Avoidance is the number one Modus Operandi for business owners when they are suffering a cash flow shortage and unable to pay their suppliers. As a result, business owners can destroy their credit rating, their reputation and their existing business relationships. So what is the alternative? Communication!
Every business owner has experienced times when the cash coming in has not caught up with the cash going out! The worst thing you can do is hope that it goes away – because it never does!
So what do you do when you’re suffering restricted cash flow?
Tip 1 – Ring, Ring, Ring, Why Don’t You Give Me a Call!
Contact your suppliers as soon as possible and explain the situation. Don’t simply ring and say that you can’t pay. Make sure that you can offer a solution that includes specific details on when you can pay and how much. Then ensure that you stick to this agreement. Communication is the key here.
99% of the time, this will keep your suppliers at bay. If they are also business people, they usually understand because often they’ve had a similar situation at some stage. Also smart suppliers want to make sure that they maintain a relationship with you, so usually they’ll offer some flexibility. However remember that they are not a bank. They also have wages and payments to meet, so don’t abuse this strategy.
Tip 2 – When You Owe the Tax Man
If you owe money to the Tax Man, ensure that you ring them immediately. They’re not as scary as you think!
The Tax Man is like any other supplier – they’re happiest when you pay, or when you communicate to them WHEN you can pay. They are usually open to putting a payment plan into place where you outline how much you can pay and when. But you need to ensure that you keep up-to-date with all future tax accounts.
Tip 3 – Offer Shares in Your Business in Lieu of Payment
If you have a large amount outstanding to a supplier, why not think laterally about the payment. Perhaps offer them shares in your business in lieu of payment. You may be surprised what response you get. Use a good accountant and legal advisor to put this into place for you.
Tip 4 – Invoice Discounting
If you have a large creditors list, and you’re caught short, you may want to look at Invoice Discounting as an option. Simply put, it’s a line of credit against what you are rightly owed. Your bank will assess the credit worthiness of your debtors and will then provide you up to 80% of the face value of your invoices within 48 hours. The remaining 20% is returned to you when the debtor pays. However, banks are only interested in those invoices where goods or services have already been rendered.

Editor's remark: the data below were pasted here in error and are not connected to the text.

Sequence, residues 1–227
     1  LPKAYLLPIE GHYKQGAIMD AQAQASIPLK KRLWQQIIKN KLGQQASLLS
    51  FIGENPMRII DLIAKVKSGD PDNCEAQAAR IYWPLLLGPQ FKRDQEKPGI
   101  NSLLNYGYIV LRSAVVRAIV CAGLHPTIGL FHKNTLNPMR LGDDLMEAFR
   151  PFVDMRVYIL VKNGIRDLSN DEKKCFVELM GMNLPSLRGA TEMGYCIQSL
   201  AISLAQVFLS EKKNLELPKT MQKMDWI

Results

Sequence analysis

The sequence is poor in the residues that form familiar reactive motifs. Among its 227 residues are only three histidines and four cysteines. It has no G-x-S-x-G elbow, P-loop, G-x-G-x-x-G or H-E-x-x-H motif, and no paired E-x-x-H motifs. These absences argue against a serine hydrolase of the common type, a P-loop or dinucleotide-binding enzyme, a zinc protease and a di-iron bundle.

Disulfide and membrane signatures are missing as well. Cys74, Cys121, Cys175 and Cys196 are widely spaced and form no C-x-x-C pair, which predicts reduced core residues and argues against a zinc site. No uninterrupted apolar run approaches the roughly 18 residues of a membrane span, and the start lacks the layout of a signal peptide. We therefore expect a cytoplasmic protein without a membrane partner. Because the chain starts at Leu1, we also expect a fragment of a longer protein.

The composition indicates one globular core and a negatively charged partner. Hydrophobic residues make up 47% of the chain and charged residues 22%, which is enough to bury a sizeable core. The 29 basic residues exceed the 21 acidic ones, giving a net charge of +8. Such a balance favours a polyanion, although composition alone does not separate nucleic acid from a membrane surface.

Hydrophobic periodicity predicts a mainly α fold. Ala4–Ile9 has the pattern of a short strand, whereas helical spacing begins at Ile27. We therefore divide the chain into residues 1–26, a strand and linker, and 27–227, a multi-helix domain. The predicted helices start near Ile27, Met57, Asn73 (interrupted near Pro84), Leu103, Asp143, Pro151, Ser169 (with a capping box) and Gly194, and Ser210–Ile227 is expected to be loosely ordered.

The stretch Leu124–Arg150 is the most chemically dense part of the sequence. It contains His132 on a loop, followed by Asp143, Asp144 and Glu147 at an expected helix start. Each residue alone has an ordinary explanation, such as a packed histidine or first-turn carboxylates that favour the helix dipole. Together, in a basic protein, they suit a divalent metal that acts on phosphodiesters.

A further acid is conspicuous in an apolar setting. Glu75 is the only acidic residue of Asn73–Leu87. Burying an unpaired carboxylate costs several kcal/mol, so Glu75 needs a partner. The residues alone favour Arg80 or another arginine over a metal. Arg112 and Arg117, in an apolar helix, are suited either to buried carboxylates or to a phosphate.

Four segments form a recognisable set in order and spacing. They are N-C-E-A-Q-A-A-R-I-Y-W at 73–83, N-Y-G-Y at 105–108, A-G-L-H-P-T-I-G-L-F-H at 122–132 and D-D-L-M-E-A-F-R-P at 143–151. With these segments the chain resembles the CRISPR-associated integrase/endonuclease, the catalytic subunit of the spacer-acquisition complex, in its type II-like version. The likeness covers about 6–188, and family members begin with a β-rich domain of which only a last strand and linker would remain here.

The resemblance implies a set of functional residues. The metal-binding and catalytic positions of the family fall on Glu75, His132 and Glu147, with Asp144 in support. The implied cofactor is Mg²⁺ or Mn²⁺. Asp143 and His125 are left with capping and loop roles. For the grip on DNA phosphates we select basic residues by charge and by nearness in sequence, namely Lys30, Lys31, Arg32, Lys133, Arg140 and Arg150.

Invoice discounting can be smart business as it accelerates the cash flow that is rightly yours. For example, if you are a labor hire company who pays contractors on 7 day terms, yet your client pays you on 21 day terms, then you have 14 days where you will be caught short. Invoice discounting can provide you with an ongoing facility, at a cost comparable to overdraft rates.
Check with your bank, but there are companies who will let you provide security by way of the book debts, along with a registered fixed and floating charge over some or all business assets. They may also ask for a directors guarantee, however they won’t necessarily encumber your home.
But do your homework. There are a range of fees and securities involved and each offers a different timeline for payment.
Tip 5 – Create Short Term Credit Facilities
The best time to establish a credit facility is when you don’t need it! Contact your bank to see if you can establish an overdraft facility where you are only charged if you use it. Sometimes a small amount in reserve can help you get through shortfalls – but make sure it’s an emergency fund only!
Tip 6 – Save for a Rainy Day
One of the smartest people I know says that business budgets are no different to your personal budgets. We’re always being told to save in our personal lives, the same goes for business. Ensure that 10% of your income is dedicated to a savings or investment plan of some sort that gets a good interest return and ensure that you only utilize it when you absolutely need it.
Preventing future cash flows is the best strategy overall. Make sure that you have a process in place that assists you to keep track of your budgets. For more information on creating a Financial Management system, complete with ready-made templates, have a look at http://www.innovabusiness.com for more information.